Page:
Acidic fibroblast growth factor (aFGF) is a potent mitogen for many cells. Exogenous aFGF is able to enter the cytosol and nucleus of sensitive cells. There are indications that both activation of the receptor tyrosine kinase and translocation of aFGF to the nucleus are of importance for mitogenesis. However, the mechanism of transport of aFGF from the cell surface to the nucleus is poorly understood. In this work we demonstrate that inhibition of phosphatidylinositol (PI) 3-kinase by chemical inhibitors and by expression of a dominant negative mutant of PI 3-kinase blocks translocation of aFGF to the cytosol and nucleus. Translocation to the cytosol and nucleus was monitored by cell fractionation, by farnesylation of aFGF modified to contain a farnesylation signal, and by phosphorylation by protein kinase C of aFGF added externally to cells. If aFGF is fused to diphtheria toxin A-fragment, it can be artificially translocated from the cell surface to the cytoplasm by the diphtheria toxin pathway. Upon further incubation, the fusion protein enters the nucleus due to a nuclear localization sequence in aFGF. We demonstrate here that upon inhibition of PI 3-kinase the fusion protein remains in the cytosol. We also provide evidence that the phosphorylation status of the fusion protein does not regulate its nucleocytoplasmic distribution.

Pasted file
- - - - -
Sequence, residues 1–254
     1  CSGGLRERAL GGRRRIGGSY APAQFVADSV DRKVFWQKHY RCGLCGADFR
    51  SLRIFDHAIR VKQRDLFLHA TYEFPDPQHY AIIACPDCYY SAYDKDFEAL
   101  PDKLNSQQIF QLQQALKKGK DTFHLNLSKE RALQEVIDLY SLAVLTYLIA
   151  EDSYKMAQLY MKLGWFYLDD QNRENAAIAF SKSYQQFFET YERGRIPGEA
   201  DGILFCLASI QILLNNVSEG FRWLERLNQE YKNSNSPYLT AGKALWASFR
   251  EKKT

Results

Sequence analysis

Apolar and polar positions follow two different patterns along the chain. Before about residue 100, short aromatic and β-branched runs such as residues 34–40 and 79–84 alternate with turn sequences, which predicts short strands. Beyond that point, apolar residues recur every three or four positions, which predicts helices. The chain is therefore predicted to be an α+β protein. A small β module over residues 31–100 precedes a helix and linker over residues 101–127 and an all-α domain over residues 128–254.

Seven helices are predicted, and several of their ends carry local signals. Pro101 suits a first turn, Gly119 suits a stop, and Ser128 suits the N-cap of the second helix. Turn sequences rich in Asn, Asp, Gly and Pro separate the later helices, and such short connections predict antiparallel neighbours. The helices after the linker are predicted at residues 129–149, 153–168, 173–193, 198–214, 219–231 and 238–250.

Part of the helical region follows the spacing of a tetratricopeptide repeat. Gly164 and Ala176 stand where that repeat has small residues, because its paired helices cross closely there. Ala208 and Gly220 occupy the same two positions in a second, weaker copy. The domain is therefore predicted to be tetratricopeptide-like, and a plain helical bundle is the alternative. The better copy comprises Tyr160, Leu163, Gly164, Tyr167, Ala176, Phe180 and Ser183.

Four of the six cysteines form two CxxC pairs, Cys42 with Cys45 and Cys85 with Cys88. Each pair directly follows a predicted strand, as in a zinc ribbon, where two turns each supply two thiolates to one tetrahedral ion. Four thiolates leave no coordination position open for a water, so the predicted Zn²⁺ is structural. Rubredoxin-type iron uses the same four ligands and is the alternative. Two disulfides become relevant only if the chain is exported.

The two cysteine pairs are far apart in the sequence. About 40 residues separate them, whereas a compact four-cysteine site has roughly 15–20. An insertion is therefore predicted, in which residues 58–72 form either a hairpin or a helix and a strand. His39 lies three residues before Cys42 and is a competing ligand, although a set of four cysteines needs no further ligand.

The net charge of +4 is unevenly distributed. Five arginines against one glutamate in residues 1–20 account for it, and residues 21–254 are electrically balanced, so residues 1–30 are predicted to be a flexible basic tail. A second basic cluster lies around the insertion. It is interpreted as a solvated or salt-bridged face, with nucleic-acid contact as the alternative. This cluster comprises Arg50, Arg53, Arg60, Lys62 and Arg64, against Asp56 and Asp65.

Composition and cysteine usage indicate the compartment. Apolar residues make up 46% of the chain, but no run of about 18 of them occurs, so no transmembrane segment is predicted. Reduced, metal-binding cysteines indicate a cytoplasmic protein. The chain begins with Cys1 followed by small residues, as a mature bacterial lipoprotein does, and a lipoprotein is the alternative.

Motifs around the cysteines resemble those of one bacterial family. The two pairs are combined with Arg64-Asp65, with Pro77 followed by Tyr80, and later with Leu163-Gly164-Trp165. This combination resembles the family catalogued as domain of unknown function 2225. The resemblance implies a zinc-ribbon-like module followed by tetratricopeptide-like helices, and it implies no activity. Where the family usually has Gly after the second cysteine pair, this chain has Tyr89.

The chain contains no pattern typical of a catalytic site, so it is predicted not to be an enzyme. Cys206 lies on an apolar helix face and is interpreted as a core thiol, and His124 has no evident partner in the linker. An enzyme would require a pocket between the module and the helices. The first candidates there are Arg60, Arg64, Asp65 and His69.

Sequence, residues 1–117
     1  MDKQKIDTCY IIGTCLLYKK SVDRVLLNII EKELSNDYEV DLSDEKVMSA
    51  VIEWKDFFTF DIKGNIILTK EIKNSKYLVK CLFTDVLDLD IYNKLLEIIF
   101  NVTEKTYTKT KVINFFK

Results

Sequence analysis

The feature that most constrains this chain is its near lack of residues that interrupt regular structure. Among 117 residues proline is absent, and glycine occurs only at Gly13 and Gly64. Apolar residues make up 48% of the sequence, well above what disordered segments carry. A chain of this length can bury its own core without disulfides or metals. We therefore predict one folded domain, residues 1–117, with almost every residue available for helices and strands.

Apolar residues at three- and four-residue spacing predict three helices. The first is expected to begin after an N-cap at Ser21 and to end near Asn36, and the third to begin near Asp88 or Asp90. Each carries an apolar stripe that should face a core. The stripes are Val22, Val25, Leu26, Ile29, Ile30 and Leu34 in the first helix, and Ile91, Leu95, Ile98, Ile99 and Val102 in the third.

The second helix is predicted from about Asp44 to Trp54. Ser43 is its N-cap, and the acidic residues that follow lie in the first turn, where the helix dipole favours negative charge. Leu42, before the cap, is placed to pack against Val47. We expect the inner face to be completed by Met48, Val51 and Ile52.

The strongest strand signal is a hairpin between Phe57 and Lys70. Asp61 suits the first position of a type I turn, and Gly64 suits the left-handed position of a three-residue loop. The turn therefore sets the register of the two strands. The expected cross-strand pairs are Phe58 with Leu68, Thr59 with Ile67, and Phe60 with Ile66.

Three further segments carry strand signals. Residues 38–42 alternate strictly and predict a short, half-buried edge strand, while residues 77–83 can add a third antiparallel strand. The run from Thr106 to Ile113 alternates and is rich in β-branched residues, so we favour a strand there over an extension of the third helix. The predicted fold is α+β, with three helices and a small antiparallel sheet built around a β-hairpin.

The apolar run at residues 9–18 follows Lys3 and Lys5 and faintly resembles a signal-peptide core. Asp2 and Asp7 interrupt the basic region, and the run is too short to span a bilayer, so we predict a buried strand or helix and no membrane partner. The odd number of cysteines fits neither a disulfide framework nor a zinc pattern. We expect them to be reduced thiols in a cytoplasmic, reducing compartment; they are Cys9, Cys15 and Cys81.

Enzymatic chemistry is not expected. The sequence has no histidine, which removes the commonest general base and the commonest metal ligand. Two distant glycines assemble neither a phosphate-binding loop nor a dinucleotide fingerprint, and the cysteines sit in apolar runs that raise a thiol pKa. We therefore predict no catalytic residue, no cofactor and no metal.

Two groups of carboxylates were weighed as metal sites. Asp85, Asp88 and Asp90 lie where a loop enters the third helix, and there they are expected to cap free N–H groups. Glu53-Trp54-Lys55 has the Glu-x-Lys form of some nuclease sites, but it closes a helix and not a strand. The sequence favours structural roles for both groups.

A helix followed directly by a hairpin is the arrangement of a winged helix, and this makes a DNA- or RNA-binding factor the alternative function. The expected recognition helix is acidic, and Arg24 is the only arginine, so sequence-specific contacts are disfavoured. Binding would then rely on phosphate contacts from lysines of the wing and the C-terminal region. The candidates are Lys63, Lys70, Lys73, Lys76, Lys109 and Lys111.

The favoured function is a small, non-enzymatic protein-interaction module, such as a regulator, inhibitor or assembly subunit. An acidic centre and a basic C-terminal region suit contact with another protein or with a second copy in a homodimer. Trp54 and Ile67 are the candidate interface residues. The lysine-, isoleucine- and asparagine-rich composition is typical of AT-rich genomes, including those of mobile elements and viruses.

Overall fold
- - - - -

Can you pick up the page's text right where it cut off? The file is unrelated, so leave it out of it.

aFGF
      acidic fibroblast growth factor
      FGFR
      FGF receptor
      DT
      diphtheria toxin
      DT-A
      DT A-fragment
      DT-B
      DT B-fragment
      NLS
      nuclear localization sequence
      PI
      phosphatidylinositol
      SH2-/SH3-domain
      src homology 2/3 domain
      DMEM
      Dulbecco's modified essential medium
      PAGE
      polyacrylamide gel electrophoresis
      PBS
      phosphate-buffered saline
      Acidic fibroblast growth factor (aFGF)1 is considered to be involved in several important physiological and pathological processes, such as angiogenesis, wound healing (
      • Burgess W.H.
      • Maciag T.
      ), and atheromatosis (
      • Ananyeva N.M.
      • Tjurmin A.V.
      • Berliner J.A.
      • Chisolm G.M.
      • Liau G.
      • Winkles J.A.
      • Haudenschild C.C.
      ,
      • Hughes S.E.